The NBA has a tough decision to make on how teams will resume the season. The normal playoff race will be compromised, and if it’s altered too much, don’t expect to see Damian Lillard play again this season.

“If we come back and they’re just like, ‘We’re adding a few games to finish the regular season,’ and they’re throwing us out there for meaningless games and we don’t have a true opportunity to get into the playoffs, I’m going to be with my team because I’m a part of the team. But I’m not going to be participating. I’m telling you that right now. And you can put that [expletive] in there,” Lillard told Yahoo Sports on Tuesday morning via phone.

Portland (29-37) is currently ninth in the Western Conference and 3 1/2 games behind the eighth-place Grizzlies. The Blazers have 16 scheduled games remaining, and Lillard wants to play all of them.

The league wants to restart the season in late July, and it’ll take more than a month to play the 16 remaining games after allowing players time to practice with their full teams before games begin. That would mean the playoffs would start in September, and the season would end sometime in early November if the league uses its regular playoff scheduling format.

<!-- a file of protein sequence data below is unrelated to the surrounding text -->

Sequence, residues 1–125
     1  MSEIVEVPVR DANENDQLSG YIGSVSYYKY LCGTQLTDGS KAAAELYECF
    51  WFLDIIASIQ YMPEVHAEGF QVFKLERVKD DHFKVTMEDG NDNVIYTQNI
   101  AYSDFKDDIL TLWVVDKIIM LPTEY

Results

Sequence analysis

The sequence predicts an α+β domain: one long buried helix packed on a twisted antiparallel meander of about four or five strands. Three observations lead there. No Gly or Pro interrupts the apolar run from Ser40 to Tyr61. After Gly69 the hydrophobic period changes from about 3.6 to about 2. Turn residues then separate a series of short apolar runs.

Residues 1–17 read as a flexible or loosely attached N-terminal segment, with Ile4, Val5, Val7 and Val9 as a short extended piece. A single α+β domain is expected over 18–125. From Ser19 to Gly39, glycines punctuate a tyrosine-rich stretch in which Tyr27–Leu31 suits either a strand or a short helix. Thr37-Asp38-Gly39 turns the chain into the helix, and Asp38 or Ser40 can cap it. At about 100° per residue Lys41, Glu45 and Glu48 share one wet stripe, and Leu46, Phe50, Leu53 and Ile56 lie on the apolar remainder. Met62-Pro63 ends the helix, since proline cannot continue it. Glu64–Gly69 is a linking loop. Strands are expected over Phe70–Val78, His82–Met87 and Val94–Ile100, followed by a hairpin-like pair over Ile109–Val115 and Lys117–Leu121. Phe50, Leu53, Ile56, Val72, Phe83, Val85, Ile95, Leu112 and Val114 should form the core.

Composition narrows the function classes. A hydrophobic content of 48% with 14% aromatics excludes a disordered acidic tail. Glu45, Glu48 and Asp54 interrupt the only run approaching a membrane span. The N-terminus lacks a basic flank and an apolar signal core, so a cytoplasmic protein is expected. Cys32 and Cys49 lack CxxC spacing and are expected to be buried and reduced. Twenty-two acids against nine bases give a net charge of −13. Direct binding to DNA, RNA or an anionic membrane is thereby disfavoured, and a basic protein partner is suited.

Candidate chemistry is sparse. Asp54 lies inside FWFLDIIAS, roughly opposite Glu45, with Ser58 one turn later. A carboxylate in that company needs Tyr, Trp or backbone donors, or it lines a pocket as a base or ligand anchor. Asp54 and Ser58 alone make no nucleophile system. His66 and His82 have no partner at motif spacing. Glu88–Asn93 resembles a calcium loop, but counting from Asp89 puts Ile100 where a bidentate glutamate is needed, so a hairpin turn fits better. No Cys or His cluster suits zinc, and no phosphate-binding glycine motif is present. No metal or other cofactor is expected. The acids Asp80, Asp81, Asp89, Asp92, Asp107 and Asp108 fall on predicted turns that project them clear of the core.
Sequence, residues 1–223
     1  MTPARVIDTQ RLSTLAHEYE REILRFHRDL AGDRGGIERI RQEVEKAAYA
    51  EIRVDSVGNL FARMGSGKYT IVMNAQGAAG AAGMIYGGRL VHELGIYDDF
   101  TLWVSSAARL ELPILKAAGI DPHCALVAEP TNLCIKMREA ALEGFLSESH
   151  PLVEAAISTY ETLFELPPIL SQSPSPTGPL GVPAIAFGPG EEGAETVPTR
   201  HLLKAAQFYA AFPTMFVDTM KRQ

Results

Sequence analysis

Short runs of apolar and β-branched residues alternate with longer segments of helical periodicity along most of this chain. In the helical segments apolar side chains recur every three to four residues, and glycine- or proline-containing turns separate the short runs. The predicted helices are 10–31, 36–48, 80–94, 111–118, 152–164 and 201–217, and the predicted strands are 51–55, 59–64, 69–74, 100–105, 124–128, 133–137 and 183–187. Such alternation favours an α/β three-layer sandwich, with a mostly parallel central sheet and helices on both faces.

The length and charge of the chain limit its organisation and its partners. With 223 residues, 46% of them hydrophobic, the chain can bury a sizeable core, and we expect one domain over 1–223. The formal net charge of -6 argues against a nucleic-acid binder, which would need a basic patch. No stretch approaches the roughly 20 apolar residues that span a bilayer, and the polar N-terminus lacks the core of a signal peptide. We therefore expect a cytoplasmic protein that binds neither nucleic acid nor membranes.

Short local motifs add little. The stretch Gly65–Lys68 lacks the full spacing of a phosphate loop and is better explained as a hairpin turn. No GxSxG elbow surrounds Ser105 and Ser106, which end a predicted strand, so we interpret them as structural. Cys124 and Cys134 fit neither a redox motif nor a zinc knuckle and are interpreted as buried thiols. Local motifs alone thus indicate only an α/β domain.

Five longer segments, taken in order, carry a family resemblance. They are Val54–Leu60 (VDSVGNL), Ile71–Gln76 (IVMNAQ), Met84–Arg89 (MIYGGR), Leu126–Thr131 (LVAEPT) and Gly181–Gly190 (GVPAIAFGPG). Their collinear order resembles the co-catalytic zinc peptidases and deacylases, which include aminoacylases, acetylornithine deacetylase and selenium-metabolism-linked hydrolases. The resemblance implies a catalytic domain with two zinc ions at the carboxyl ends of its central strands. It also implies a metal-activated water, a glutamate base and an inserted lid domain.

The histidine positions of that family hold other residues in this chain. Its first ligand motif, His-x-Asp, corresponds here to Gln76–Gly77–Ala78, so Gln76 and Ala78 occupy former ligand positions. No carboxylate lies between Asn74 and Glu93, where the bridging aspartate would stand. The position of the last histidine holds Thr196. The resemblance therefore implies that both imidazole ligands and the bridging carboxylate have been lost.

“Dame Time” has become one of the NBA’s most popular phrases. Whether it was his buzzer-beating three-pointer to close out the Rockets in the 2014 playoffs or his shot from the Pacific Ocean that wiped the Thunder away last season, Lillard is known for big moments.

The last 16 games of the regular season seem like the perfect time to unlock “Dame Time," but the NBA is also short on time, and that’s not good for the Blazers.

Is Patrick Mahomes having an indirect impact on the changing of quarterback workouts?

Patrick Mahomes is becoming the Stephen Curry of the NFL.

Similar to how Curry’s three-pointers from beyond 30 feet swept through the NBA, Mahomes’ ability to make off-platform, circus throws could be next in the NFL.

A video of 2021 San Diego State quarterback commit Will Haskell went viral after he attempted passes between his legs, across his body and while jumping in mid-air.

Remember when high school kids began to shoot shots from near half court? That was the Curry-effect. Haskell’s workout video is showing what might soon become known as the Mahomes-effect.

No, Mahomes is not the first quarterback that can make sidearm throws across his body. Brett Favre, Aaron Rodgers and Steve Young are some names that come to mind, but Mahomes has popularized it more than ever.

Get used to seeing more and more videos like these. Players may start throwing more of those passes that fans are used to seeing the quarterback throw away.